The majority of small businesses have an online presence. Whether they have a website, social media accounts, or both, small businesses, in general, have caught on.

But those that don’t have a website simply can’t compete with the companies that do.

Online consumers are only going to see the businesses that have websites.

That means all other businesses that don’t have a web presence will stay in the dark. Meanwhile, businesses with websites will outshine them.

Small Businesses Need to Compete with Consumer Expectations

Additionally, consumers don’t take businesses seriously if they don’t have a web presence. To them, if businesses aren’t investing in web presence, they must not care about their performance.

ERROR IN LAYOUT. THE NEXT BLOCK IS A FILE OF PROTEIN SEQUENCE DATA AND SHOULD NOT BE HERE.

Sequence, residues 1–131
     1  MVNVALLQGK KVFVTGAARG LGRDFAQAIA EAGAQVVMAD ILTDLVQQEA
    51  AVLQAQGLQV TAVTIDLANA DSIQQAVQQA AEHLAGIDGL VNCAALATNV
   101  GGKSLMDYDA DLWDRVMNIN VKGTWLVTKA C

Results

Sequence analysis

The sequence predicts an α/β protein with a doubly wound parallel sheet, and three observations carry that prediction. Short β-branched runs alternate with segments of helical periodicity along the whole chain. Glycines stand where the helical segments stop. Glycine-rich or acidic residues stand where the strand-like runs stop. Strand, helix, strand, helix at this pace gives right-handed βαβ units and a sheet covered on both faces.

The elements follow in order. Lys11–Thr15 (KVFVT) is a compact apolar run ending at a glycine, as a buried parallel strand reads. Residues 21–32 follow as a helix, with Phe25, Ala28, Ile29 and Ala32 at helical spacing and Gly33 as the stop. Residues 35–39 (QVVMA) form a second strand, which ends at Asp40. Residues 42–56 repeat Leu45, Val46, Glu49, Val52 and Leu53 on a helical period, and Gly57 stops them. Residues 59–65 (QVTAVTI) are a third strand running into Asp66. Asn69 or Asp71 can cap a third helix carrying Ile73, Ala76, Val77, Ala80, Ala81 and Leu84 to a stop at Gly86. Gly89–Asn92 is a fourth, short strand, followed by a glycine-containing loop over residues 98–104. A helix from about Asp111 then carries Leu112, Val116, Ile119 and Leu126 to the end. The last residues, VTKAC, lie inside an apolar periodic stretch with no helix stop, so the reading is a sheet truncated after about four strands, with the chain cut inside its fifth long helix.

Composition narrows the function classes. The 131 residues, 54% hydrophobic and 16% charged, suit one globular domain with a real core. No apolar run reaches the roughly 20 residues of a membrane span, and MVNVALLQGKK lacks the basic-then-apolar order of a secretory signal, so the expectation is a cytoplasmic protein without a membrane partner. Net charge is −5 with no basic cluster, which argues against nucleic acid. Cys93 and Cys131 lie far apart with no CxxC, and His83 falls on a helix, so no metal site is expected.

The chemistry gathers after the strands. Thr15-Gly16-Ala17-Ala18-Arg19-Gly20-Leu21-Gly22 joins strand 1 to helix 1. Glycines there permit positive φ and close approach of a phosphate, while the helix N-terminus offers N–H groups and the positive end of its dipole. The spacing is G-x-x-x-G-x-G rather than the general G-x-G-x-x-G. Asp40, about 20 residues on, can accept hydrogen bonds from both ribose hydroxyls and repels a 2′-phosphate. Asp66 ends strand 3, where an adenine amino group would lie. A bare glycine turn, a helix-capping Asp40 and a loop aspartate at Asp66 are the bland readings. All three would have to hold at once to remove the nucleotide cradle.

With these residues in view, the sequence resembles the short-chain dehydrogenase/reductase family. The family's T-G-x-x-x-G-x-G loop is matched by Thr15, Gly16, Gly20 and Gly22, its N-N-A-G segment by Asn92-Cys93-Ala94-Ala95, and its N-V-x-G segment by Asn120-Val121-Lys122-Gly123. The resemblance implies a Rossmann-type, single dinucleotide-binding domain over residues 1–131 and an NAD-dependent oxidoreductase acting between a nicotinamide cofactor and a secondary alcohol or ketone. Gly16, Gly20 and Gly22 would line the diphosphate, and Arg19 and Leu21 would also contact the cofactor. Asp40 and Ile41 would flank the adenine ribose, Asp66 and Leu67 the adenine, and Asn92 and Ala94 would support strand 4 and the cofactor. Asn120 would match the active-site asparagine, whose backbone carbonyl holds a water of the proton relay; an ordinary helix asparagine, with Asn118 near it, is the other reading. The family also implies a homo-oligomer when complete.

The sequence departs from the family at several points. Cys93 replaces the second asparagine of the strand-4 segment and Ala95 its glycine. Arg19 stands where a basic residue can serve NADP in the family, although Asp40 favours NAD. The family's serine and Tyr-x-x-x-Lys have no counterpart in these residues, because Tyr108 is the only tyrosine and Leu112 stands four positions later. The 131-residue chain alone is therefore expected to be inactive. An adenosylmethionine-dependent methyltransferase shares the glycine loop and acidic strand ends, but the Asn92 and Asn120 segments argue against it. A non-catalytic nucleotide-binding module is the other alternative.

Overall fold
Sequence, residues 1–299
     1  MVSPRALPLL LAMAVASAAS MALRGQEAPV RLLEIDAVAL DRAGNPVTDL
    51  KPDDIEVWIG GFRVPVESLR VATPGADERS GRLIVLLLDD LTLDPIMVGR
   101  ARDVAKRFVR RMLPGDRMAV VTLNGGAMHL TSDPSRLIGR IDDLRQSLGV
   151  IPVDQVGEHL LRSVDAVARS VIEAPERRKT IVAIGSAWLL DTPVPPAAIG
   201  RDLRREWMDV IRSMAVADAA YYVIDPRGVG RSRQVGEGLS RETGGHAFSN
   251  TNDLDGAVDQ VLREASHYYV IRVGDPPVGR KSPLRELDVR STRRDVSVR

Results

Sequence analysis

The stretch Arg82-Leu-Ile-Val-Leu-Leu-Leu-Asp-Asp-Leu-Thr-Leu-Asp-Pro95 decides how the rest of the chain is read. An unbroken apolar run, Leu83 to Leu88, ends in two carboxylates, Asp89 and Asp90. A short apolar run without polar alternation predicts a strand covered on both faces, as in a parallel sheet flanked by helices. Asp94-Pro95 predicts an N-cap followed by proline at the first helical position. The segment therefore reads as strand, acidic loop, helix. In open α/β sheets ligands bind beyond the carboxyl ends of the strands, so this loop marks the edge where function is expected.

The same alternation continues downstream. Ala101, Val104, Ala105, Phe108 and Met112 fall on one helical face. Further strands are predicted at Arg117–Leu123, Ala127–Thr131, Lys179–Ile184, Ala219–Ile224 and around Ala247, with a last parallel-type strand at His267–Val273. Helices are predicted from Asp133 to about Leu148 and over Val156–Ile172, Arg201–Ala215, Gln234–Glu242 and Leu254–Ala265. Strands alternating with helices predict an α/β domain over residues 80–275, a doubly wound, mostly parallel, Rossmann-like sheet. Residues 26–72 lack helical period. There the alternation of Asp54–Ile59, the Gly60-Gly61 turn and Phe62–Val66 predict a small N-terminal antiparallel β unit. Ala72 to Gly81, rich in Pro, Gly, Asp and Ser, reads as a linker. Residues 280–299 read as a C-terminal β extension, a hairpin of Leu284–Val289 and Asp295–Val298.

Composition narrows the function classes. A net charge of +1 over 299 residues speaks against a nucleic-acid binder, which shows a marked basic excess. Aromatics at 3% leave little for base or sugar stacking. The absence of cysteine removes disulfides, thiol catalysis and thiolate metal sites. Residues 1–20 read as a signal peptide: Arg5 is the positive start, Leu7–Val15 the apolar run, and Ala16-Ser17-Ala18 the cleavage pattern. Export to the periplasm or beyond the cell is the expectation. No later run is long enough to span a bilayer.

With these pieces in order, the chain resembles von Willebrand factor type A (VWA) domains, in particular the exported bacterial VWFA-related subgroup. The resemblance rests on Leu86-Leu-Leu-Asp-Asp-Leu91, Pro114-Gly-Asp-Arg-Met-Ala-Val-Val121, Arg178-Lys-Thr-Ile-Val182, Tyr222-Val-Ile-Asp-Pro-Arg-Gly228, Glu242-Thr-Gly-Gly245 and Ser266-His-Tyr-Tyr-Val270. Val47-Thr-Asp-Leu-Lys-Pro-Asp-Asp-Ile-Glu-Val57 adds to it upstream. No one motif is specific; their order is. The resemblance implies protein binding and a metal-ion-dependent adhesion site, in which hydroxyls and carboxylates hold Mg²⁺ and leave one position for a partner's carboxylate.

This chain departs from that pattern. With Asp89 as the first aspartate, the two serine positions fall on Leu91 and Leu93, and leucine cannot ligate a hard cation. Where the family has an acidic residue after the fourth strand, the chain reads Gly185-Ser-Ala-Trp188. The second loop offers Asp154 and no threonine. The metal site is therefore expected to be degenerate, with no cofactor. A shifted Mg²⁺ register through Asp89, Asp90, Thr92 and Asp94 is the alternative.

To consumers, this translates into poor business. And they don’t want to waste their time and money on low-quality products and services.

Instead, they’d rather invest their money on something worthwhile. Or, at least, on a business that takes itself seriously.

5. Control

With websites, small business owners are at the wheel. They can drive and control what people see and how they’re perceived.

There is also a lot of data available on a website. It’s easy to see where your audience logs in from, at what time, and what they searched for to get there.

This is powerful for small business owners. There’s less guesswork and more concrete evidence on people’s behavior and thought patterns.

Website owners can see how long their audience stays logged onto a page. They can see which keywords they searched for. They can also see which sites they go to after theirs.

Social media and discussion forums have also made it easier to understand audiences. Business owners can then target their audience with engaging and well-researched content.